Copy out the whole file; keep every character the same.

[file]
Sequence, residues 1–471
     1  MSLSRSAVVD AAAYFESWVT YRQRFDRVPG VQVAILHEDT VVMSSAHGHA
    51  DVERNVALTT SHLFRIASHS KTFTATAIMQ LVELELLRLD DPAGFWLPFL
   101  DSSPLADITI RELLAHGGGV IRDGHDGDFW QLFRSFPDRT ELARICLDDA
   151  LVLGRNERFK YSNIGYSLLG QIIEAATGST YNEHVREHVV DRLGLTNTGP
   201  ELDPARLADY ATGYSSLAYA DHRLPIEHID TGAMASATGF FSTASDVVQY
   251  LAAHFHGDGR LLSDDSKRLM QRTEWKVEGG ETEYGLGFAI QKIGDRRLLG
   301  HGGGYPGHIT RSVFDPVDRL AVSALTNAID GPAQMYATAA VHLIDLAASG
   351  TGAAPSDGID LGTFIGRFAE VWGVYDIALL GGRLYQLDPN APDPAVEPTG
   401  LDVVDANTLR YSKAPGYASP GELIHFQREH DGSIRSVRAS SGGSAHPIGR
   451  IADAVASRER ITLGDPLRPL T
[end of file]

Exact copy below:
Sequence, residues 1–471
     1  MSLSRSAVVD AAAYFESWVT YRQRFDRVPG VQVAILHEDT VVMSSAHGHA
    51  DVERNVALTT SHLFRIASHS KTFTATAIMQ LVELELLRLD DPAGFWLPFL
   101  DSSPLADITI RELLAHGGGV IRDGHDGDFW QLFRSFPDRT ELARICLDDA
   151  LVLGRNERFK YSNIGYSLLG QIIEAATGST YNEHVREHVV DRLGLTNTGP
   201  ELDPARLADY ATGYSSLAYA DHRLPIEHID TGAMASATGF FSTASDVVQY
   251  LAAHFHGDGR LLSDDSKRLM QRTEWKVEGG ETEYGLGFAI QKIGDRRLLG
   301  HGGGYPGHIT RSVFDPVDRL AVSALTNAID GPAQMYATAA VHLIDLAASG
   351  TGAAPSDGID LGTFIGRFAE VWGVYDIALL GGRLYQLDPN APDPAVEPTG
   401  LDVVDANTLR YSKAPGYASP GELIHFQREH DGSIRSVRAS SGGSAHPIGR
   451  IADAVASRER ITLGDPLRPL T